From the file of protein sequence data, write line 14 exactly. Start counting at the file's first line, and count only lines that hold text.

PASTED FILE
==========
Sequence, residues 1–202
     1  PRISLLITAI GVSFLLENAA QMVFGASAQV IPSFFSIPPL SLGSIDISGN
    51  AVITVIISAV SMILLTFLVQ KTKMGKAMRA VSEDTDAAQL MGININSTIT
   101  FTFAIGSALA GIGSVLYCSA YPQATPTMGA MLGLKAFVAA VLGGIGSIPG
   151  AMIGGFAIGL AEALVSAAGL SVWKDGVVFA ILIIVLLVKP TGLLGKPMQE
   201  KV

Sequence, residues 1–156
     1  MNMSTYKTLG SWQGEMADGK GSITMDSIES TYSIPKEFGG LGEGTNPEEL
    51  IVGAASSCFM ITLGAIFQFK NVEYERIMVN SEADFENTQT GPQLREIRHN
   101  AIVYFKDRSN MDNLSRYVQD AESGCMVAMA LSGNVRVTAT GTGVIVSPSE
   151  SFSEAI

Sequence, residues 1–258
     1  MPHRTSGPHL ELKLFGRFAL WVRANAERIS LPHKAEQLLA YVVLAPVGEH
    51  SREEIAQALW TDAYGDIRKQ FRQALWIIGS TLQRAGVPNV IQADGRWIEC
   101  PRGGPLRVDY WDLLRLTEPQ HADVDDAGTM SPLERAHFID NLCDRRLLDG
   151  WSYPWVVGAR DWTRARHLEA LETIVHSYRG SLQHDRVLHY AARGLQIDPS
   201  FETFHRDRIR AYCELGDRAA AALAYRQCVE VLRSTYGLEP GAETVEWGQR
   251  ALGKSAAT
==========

    51  SREEIAQALW TDAYGDIRKQ FRQALWIIGS TLQRAGVPNV IQADGRWIEC